Cabin in the Sky (film)

Cabin in the Sky is a 1943 American musical film based on the 1940 Broadway musical of the same name. Directed by Vincente Minnelli, the film stars Ethel Waters, Eddie "Rochester" Anderson and Lena Horne. Waters and Rex Ingram reprise their roles from the Broadway production. The film was Horne's first and only leading role in an MGM musical. Louis Armstrong is also featured in the film as one of Lucifer Junior's minions, and Duke Ellington and his Orchestra have a showcase musical number in the film.

Cabin in the Sky
Theatrical release poster
Directed byVincente Minnelli
Busby Berkeley ("Shine" sequence, uncredited)
Produced byArthur Freed
Albert Lewis
Written byMarc Connelly (uncredited)
Lynn Root (play)
Joseph Schrank
Based onCabin in the Sky (musical)
by Vernon Duke & John La Touche
StarringEthel Waters
Eddie "Rochester" Anderson
Lena Horne
Rex Ingram
Louis Armstrong
Music byRoger Edens
Georgie Stoll
George Bassman
Hall Johnson
CinematographySidney Wagner
Edited byHarold F. Kress
Distributed byMetro-Goldwyn-Mayer
Release date
  • April 9, 1943 (1943-04-09)
Running time
98 minutes
CountryUnited States
Box office$1,953,000[1]


Little Joe is a no-good man whose attempts at redemption are cut short when he is killed over gambling debts by big shot Domino Johnson. On his deathbed, Little Joe is restored to life by angelic powers and given six months to redeem his soul and become worthy of entering Heaven—otherwise he will be condemned to Hell. Secretly guided by "The General" (the Lord's Angel), Little Joe gives up his shiftless ways and becomes a hardworking, generous, and loving husband to his wife Petunia, whom he had previously neglected. Unfortunately, demon Lucifer Jr. (the son of Satan himself), is determined to drag Little Joe to Hell. Lucifer arranges for Joe to become wealthy by winning a lottery, reintroduces Joe to beautiful gold-digger Georgia Brown, and manipulates marital discord between Joe and Petunia. Little Joe abandons his wife for Georgia, and the two embark on a life of hedonistic pleasure.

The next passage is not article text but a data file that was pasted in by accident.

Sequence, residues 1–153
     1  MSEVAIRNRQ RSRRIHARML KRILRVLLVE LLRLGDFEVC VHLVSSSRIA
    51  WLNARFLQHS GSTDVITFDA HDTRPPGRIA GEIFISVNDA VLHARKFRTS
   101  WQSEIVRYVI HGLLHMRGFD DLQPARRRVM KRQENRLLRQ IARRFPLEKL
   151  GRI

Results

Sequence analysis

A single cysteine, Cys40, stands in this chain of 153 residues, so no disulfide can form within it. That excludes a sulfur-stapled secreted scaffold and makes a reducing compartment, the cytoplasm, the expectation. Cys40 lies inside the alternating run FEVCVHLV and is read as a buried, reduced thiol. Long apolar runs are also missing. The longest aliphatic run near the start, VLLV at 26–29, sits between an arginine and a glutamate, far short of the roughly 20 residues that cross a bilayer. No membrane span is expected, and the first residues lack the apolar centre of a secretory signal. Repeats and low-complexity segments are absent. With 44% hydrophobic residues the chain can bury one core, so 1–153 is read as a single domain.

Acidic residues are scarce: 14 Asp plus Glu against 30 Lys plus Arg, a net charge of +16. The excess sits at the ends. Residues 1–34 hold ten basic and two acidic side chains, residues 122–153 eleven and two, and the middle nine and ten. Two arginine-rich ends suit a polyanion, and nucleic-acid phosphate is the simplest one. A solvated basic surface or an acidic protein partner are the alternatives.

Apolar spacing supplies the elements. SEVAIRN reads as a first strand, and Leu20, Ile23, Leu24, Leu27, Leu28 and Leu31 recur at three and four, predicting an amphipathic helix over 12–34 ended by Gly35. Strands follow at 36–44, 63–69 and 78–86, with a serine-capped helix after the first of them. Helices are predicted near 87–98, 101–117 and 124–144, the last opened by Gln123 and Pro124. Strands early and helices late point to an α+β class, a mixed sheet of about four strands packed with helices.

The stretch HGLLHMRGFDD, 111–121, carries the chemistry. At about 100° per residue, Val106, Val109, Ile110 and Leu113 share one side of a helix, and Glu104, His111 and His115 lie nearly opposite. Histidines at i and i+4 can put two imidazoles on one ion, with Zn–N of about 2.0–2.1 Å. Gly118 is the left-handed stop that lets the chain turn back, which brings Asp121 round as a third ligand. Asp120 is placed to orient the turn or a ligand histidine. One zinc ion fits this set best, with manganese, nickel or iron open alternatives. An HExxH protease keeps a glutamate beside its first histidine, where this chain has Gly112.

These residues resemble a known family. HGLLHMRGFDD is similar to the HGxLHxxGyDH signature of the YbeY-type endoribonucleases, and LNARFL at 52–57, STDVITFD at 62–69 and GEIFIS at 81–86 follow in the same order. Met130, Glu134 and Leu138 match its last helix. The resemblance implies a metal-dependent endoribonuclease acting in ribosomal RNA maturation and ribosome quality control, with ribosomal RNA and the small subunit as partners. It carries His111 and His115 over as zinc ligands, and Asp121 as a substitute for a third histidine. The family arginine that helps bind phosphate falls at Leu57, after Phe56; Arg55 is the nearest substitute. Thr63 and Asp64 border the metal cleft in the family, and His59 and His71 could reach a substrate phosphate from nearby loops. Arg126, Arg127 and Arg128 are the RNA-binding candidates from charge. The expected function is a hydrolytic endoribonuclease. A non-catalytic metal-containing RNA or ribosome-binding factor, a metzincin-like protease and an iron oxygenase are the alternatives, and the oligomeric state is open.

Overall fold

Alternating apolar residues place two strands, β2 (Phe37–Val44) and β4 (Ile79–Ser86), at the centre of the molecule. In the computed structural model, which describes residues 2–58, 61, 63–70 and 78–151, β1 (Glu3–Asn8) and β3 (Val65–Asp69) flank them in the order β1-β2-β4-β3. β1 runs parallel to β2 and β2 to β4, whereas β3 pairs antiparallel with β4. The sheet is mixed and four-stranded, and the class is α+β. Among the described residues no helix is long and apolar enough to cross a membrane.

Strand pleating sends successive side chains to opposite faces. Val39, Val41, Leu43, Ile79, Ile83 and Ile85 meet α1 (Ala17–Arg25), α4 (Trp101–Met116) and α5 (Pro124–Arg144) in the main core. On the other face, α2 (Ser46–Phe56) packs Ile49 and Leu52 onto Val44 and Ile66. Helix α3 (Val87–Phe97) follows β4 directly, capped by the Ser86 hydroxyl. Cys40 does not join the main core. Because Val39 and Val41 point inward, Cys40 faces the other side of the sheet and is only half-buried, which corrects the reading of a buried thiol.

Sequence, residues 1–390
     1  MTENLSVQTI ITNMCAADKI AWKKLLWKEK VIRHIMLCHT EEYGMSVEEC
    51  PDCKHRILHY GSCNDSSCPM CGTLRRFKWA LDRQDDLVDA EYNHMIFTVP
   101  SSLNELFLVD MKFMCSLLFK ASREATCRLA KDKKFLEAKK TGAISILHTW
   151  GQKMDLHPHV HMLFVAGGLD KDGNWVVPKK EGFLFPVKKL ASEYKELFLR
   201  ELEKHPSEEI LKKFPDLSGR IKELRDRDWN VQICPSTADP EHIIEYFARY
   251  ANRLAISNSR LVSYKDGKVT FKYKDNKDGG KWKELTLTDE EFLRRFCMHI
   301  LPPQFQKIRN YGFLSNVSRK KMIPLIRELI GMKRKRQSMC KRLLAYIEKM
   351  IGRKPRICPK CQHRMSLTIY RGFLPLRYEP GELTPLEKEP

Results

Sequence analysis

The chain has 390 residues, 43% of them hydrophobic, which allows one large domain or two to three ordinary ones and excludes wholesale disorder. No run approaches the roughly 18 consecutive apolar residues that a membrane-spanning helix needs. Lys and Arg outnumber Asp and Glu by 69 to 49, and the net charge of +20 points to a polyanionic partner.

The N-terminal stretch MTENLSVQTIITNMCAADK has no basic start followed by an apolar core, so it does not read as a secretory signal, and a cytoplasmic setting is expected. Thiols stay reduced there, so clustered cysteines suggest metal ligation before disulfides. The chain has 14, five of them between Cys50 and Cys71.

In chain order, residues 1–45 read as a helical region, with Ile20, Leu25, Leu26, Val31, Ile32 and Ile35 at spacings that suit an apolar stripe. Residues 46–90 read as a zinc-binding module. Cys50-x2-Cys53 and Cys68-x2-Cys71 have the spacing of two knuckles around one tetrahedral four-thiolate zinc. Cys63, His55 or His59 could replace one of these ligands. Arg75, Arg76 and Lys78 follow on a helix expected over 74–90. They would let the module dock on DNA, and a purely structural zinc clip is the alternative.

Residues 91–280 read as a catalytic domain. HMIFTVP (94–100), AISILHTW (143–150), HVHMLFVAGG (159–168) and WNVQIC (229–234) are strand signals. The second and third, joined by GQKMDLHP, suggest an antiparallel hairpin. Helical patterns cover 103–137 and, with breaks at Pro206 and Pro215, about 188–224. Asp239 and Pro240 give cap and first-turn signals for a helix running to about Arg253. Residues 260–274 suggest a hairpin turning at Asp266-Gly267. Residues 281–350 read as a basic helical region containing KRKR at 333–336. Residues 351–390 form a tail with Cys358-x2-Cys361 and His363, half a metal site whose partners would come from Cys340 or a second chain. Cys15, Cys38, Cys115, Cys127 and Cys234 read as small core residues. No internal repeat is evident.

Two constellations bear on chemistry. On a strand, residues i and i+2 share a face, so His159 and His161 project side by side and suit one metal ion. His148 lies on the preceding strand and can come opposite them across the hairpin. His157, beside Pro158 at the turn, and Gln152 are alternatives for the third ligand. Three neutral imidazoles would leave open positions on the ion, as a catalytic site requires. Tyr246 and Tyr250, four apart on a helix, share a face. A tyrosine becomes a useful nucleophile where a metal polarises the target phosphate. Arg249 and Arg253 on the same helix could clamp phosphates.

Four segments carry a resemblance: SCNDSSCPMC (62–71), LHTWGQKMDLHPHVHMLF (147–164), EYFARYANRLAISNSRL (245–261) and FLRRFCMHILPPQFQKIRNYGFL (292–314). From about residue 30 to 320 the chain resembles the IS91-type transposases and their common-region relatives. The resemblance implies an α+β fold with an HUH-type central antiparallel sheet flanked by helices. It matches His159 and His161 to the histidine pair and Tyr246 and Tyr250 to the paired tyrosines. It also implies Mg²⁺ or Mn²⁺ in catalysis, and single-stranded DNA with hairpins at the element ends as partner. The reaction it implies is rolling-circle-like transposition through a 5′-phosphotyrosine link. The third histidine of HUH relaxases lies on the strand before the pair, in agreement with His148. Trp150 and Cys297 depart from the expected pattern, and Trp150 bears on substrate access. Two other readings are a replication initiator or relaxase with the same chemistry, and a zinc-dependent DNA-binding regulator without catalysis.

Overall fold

As Little Joe and Georgia celebrate at a nightclub one evening, Petunia joins them, determined to win Joe back. Little Joe fights with Domino for Petunia, and Petunia, anguished at this turn of events, prays to God to destroy the nightclub. A cyclone appears and leaves the nightclub in ruins, as Joe and Petunia lie dead in the ruins after being shot by Domino. Just as it appears that Joe's soul is lost forever, the angelic General informs him that Georgia Brown was so affected by the tragedy that she has donated all the money that Joe had lavished upon her to the church. On this technicality, Little Joe is allowed to go to Heaven with Petunia.